In every generation, and perhaps more frequently, there is a belief set forth within various corners of Christianity that we are living in “the last days.” Many examples are given to support such a claim, despite the fact that we are never given any indication of “timing” or “events” that will precede the end of this age, and the beginning of the new.
But is it our duty within the Church to try and anticipate these events, and to therefore seclude ourselves from this “evil world” and seek to take care of ourselves alone? Should we seek to withdraw even from the “mainstream” Orthodox Church and militantly find solace in more isolated and “traditional” gatherings? Is this the way of the Spirit of peace, joy, and love, that both reigns and dwells within each one of us in the body of Christ?
If we consider the purpose of the Church as a whole (and indeed it’s very existence), it is the life of Christ for the life of the world. A distinction has to be made, therefore, between being “of” and “in” the world: “The Church separates herself from the world, because, being the body of Christ, she is already ‘not of this world.’ But this separation is accomplished for the sake of the world, for the offering of Christ’s sacrifice ‘on behalf of all and for all'” (Schmemann, The Eucharist, p. 93). If I make the separation of the Church from “the world” as being one of myself from the lives of others around me, I have completely missed the point of not only the Church but of our very purpose as individual Christians (as Christ “repeated,” or as an extension of Christ in this world).
First, we must acknowledge that there are “problems” in the world around us, but that these are not justifications for extremism and an abandonment of the love of Christ for the world. I have read many critiques as of late related to the widespread “modernity” and compromise of the “mainstream churches.” These alarmist critiques are often, ironically, based upon traditional-ism that is rooted more in reconstruction than it is a continuation in the living and Spirit-filled Tradition of the apostolic Church. If only one “type” of Orthodoxy is acceptable, and the great wealth of diversity that has always been present within our Church is abandoned, are we truly being a “catholic” (whole, complete, lacking in nothing) Church?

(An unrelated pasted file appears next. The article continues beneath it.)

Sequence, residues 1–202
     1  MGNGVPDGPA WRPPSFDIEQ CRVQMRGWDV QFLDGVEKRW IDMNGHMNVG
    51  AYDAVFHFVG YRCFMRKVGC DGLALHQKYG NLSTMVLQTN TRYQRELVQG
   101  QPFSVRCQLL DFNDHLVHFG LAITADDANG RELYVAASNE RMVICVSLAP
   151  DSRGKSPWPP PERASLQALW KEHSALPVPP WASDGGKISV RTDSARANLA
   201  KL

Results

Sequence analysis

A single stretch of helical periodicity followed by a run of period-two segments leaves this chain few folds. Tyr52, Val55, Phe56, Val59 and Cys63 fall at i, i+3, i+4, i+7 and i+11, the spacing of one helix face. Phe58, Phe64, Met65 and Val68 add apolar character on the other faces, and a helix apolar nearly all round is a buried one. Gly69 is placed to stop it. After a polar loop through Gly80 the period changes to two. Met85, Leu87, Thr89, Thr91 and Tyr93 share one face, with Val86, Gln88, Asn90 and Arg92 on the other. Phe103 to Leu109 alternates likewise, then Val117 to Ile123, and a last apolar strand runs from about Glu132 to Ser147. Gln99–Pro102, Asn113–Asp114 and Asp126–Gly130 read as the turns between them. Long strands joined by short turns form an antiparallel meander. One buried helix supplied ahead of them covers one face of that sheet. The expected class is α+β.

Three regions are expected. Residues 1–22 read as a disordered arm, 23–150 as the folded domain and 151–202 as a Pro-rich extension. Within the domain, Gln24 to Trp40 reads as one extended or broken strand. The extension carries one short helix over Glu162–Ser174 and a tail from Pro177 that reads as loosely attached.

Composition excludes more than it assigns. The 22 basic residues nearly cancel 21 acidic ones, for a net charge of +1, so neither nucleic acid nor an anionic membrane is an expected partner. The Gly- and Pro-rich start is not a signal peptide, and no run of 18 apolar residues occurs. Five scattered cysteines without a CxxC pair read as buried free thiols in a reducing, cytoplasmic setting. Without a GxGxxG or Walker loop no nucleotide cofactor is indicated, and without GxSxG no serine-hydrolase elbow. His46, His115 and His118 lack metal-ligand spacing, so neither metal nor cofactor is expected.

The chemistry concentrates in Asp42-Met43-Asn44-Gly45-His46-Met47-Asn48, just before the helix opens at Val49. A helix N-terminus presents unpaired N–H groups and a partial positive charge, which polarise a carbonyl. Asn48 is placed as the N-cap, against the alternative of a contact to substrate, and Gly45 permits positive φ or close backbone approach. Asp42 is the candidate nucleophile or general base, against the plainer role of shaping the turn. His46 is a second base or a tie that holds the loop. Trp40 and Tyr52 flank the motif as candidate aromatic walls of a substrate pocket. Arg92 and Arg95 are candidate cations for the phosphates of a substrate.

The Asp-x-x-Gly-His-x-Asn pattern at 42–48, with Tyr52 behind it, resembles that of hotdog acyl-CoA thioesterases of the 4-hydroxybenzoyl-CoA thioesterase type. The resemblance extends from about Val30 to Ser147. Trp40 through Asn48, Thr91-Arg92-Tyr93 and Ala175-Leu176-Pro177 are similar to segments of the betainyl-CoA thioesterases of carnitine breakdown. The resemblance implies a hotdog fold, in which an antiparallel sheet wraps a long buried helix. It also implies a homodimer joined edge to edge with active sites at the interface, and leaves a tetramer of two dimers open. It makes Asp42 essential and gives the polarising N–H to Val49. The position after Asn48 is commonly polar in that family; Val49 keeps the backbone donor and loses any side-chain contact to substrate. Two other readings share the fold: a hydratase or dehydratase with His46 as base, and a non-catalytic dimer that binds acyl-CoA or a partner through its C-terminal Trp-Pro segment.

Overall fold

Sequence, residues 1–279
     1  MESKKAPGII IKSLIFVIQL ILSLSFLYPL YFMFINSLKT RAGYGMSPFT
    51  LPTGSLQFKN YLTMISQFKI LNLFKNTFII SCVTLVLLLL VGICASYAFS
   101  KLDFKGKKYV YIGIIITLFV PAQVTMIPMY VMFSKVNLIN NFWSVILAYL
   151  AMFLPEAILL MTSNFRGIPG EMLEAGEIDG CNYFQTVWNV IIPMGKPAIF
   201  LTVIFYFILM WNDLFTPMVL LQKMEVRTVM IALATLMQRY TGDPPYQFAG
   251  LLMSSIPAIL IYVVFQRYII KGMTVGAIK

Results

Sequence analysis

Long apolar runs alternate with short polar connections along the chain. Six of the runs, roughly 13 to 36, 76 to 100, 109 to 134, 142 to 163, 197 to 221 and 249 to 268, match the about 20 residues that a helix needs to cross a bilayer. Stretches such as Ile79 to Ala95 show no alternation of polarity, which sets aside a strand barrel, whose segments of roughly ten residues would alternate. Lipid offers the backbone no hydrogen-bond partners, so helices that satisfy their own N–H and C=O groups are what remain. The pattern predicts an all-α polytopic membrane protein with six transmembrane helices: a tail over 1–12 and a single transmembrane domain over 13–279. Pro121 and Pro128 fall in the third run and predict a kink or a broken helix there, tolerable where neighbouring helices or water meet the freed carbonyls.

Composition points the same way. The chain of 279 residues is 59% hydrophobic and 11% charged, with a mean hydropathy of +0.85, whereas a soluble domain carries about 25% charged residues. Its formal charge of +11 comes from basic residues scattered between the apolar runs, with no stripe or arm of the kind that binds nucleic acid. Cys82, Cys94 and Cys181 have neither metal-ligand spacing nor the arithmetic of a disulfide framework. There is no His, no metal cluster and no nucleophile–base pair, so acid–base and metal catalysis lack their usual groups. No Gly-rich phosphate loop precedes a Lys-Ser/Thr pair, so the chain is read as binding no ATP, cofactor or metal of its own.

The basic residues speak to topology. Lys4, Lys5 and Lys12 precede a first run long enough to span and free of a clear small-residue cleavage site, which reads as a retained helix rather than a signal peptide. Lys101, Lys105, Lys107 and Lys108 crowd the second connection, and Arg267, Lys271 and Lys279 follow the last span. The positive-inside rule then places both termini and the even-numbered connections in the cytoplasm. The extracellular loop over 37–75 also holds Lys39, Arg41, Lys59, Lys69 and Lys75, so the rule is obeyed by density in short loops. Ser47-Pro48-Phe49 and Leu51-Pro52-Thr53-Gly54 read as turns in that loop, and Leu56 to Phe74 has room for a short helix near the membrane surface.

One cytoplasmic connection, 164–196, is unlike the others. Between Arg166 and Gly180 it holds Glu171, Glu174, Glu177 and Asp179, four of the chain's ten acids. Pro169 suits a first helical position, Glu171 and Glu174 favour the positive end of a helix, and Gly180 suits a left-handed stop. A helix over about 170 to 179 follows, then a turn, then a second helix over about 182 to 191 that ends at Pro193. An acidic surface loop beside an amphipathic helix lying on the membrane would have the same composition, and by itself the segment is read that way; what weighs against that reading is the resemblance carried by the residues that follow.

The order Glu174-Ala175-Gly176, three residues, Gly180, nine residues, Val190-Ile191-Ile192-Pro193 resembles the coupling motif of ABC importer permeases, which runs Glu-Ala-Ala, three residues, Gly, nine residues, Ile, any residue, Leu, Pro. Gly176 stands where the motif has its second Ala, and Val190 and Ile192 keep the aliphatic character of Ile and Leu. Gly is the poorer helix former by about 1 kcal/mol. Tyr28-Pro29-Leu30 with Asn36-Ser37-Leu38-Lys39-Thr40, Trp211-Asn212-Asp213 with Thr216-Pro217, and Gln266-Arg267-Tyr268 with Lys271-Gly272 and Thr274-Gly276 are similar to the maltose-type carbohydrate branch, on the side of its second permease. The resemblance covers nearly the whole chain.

Secondly, and in response to the first dilemma of the modern Orthodox Christian, we must not let our acknowledgement of “problems” in this world (or in the Church) lead to a disgust for the world (or the Church). “Negative” spirituality is no spirituality at all. Schmemann is most informative on this point, writing:
… scared by seemingly triumphant evil, disenchanted with all theories and explanations, depersonalized and enslaved by technology, man instinctively looks for an escape, for a “way out” of this hopelessly wicked world, for a spiritual haven, for a “spirituality” that will confirm and justify him in his disgust for the world and his fear of it, yet at the same time give him the security and the spiritual comfort he seeks. Hence the multiplication and the amazing success today of all kinds of escapist spiritualities — Christian and non-Christian alike — whose common and basic tonality is precisely negation, apocalypticism, fear, and a truly Manichean “disgust” for the world.
This outlook seems to be one that is often common among the online “gatherings” of Orthodox Christians today, where the irony of lamenting modernism is lost in the fact that such laments are typed from MacBook Airs on Wi-Fi. One could argue, of course, that the benefits of modernism are fine, so long as they are not abused to our peril. Fair enough. Yet, the broad strokes with which the “super-correct” paint are that of a wholesale negation of the world around them (including its people), in favor of an isolated Christianity of the “worthy,” who have yet to “sell-out.”